President Cyril Ramaphosa. (Gallo Images/Sowetan/Esa Alexander)
- Lockdown restrictions will be eased further, but the date is yet to be announced.
- Cinemas, hairdressers, casinos and restaurants will be allowed, as well as some sports.
- Economists welcomed the move, but noted that consumers may be wary of embracing the change – meaning demand may be muted.
Lockdown restrictions are to be further eased, allowing some half-a-million people in the affected industries to return to work, President Cyril Ramaphosa said on Wednesday evening.
However, he did not announce a date, saying the details were yet to be confirmed.
Ramaphosa’s address to the nation followed earlier assertions by small business development minister Khumbudzo Ntshavheni, who told various media earlier in the week that government was considering a move to “advanced” Level 3 of lockdown.
Here’s what will change under the eased regulations.
Restaurants will be able to open for sit-down meals. To date, restaurants have only been allowed to open for takeaways, which has raised concerns among both analysts and lobby groups, who have argued that restaurants typically cover costs with initial seat bookings. Reopening restaurants will likely impact a large number of workers – in 2018, 268 299 people were working in the hotels and restaurants industry in South Africa, up from 189 925 nine years earlier.
Personal care and beauty, including hair salons, are reopening. Hair salons and beauty parlours have been a hot topic since the start of the lockdown, with some hairdressers arguing that salons are among the more hygienic businesses. Ramaphosa argued that salons were particularly important as many of them were small businesses owned or run by women. “This will give them the support to become financially independent and this is an important priority,” he said.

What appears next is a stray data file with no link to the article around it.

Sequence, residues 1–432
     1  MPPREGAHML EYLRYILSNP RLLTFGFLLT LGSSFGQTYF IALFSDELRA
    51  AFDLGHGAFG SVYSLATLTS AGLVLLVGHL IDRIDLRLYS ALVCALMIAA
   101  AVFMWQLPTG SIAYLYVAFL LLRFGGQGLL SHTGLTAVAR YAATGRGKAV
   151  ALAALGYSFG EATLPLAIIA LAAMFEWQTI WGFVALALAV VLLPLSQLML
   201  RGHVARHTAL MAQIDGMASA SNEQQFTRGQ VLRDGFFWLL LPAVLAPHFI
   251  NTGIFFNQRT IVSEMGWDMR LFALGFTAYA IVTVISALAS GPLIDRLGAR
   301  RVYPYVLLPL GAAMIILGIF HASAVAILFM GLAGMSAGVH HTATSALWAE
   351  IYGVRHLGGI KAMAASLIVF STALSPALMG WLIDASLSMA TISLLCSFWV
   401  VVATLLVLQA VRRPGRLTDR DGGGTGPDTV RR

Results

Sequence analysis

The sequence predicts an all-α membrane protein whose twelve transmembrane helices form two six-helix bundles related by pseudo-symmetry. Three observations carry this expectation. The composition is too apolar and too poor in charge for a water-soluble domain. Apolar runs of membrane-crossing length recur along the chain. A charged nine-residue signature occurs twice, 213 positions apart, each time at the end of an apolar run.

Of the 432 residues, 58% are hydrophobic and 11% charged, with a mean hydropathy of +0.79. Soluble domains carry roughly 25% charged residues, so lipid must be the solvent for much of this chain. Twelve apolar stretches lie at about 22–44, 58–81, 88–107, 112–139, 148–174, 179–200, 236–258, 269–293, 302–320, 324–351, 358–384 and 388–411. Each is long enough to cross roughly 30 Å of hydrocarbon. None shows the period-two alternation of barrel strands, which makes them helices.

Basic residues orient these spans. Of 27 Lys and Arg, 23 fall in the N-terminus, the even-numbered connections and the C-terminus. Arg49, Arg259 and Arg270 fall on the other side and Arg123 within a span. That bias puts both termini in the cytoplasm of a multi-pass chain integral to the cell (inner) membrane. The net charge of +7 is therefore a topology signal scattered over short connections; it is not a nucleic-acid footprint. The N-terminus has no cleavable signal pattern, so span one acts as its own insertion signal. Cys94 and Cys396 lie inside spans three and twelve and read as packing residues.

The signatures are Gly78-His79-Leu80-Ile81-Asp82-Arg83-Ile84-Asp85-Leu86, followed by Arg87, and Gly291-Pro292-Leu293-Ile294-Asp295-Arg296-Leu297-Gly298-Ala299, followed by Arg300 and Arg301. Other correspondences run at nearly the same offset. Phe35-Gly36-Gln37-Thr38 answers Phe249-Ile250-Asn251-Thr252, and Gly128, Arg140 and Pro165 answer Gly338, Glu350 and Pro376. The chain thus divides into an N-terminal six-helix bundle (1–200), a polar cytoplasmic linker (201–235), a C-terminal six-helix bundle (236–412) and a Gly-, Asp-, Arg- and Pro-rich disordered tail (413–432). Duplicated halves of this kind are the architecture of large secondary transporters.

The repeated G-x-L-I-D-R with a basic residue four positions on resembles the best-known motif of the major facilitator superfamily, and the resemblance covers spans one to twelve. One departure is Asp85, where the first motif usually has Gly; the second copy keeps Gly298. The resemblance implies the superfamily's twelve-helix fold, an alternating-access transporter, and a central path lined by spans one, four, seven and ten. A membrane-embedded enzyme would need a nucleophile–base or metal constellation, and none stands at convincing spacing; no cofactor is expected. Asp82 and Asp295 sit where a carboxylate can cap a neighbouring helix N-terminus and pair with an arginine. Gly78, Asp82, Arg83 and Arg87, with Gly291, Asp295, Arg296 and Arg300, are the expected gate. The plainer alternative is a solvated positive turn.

(Some) sport is on the cards. Non-contact including tennis, golf and cricket will be allowed, while training and modified activities, with restricted use of facilities, will be allowed for contact sports. Though local data is not yet quantifiable, globally, the sports industry has been dealt a particularly heavy blow by the coronavirus. According to the World Economic Forum, the industry – estimated to be worth $471 billion in 2018, nearly double what it was worth in 2011 – has been left largely unable to meet its commitments to broadcasters, leading to a crippling loss of income the biggest money-spinners globally.
Accredited and licenced accommodation will be open. The exception will be home sharing services such as AirBnB. This will bring some relief to businesses the tourism industry, which have to date been among the hardest hit by the coronavirus pandemic, despite some relief in the form of a R200-billion relief fund.
The Tourism Business Council of SA previously predicted about 600 000 direct tourism jobs could be lost in 2020 alone. The tourism sector has to date been a significant economic contributor, with the World Travel and Tourism Council estimating that before the pandemic, it directly contributed between R139 billion and R145.3 billion annually to SA’s GDP.